15 / 06 / 2023

Just 0,07% of 819m border budget to Greece earmarked for Search and Rescue

As the European Commission chastises Greece for violent pushbacks and European officials express their grief over the deadly Pylos shipwreck, Greek authorities have been granted more than twice the amount of EU funding for border management from 2021 to 2027, compared to the previous grant.






The scarce reactions of European Commission officials over the latest lethal migrant shipwreck, in which up to 650 asylum seekers are feared dead, seem consistent with the European Commission’s decision to grant over €800 million to  Greek authorities for border surveillance and migration deterrence in 2021-2027 — an amount that has been doubled, when compared to the previous EU budget period (2014-2020). 

In the aftermath of what is believed to be the deadliest shipwreck in Greece’s Search and Rescue (SAR) zone, Solomon’s analysis of the programmes to be implemented, as spelled out in a national programming document, reveals that just a programme of €600,000  has been designated for enhancing the national Search and Rescue capacity. 

This amounts to just 0,07% of the total budget allocated for border management, while the bulk of the money concerns the procurement of deterrence equipment such as drones, vehicles of all kinds, thermal cameras, helicopters, and automated surveillance systems.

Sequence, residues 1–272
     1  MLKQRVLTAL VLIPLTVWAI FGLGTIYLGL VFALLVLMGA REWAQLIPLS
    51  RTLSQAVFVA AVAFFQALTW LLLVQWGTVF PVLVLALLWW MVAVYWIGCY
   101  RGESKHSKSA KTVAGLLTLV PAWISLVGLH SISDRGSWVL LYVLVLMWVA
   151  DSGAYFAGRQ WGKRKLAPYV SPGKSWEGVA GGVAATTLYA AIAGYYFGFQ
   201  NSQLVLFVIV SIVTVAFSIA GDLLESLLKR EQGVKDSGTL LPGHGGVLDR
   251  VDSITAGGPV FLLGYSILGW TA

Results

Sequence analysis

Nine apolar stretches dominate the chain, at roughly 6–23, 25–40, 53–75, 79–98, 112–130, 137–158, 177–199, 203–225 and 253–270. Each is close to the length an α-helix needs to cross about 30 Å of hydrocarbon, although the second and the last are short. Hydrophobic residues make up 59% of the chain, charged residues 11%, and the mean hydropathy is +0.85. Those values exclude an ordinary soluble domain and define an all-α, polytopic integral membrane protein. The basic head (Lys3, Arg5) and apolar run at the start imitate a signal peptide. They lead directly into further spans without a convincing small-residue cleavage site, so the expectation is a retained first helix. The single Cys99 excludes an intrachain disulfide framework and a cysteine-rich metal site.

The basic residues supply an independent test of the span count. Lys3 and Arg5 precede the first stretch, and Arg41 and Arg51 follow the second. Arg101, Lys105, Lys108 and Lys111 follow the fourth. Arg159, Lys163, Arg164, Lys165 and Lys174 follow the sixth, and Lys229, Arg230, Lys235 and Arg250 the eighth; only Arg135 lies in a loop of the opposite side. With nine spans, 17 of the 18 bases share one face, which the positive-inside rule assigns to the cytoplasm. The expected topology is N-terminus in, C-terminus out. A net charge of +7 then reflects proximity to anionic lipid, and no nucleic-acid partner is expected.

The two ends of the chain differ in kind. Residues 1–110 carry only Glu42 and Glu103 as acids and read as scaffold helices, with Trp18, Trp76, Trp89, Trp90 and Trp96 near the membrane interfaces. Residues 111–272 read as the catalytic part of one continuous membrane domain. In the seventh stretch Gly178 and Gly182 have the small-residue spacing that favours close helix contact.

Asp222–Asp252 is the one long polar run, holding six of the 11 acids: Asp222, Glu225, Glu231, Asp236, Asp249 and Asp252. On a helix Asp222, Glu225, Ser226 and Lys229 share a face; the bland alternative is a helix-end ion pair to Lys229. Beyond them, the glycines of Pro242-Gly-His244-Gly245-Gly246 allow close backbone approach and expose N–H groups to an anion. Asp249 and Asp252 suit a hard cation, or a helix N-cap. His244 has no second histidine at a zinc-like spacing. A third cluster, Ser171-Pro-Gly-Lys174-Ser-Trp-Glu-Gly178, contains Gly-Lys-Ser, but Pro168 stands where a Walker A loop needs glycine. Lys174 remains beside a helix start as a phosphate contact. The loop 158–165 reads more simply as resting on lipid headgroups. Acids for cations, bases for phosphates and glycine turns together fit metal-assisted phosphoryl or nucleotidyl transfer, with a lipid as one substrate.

The scope of the program to deter and tighten controls is clear in the wording throughout the text. 

According to Solomon’s analysis of the proposed programmes foreseen by the European “Border Management Fund”, the amount of resources to Greece from the current EU budget, for the years 2021-2027, exceeds €819 million. The money will finance programmes whose implementation will have a direct impact on the operational capacity of the national authorities as well as that of Frontex, the EU’s border agency.

“It is tragic but unsurprising that the priority is keeping people out rather than saving lives”, Catherine Woollard, director of the European Council on Refugees and Exiles (ECRE) told Solomon.

Responding to the findings of Solomon’s investigation, she added that, “they tally with previous research on EU funding which shows that a priority is supporting ‘externalisation’ – the multi-pronged strategy of keeping refugees out of Europe. Due to the absence of safe routes, the vast majority of refugees have no choice but to embark on dangerous journeys as they flee persecution and violence. That may include having to cross the sea.”

“It is tragic but unsurprising that the priority is keeping people out rather than saving lives.”

Catherine Woollard Director of ECRE (European Council on Refugees and Exiles)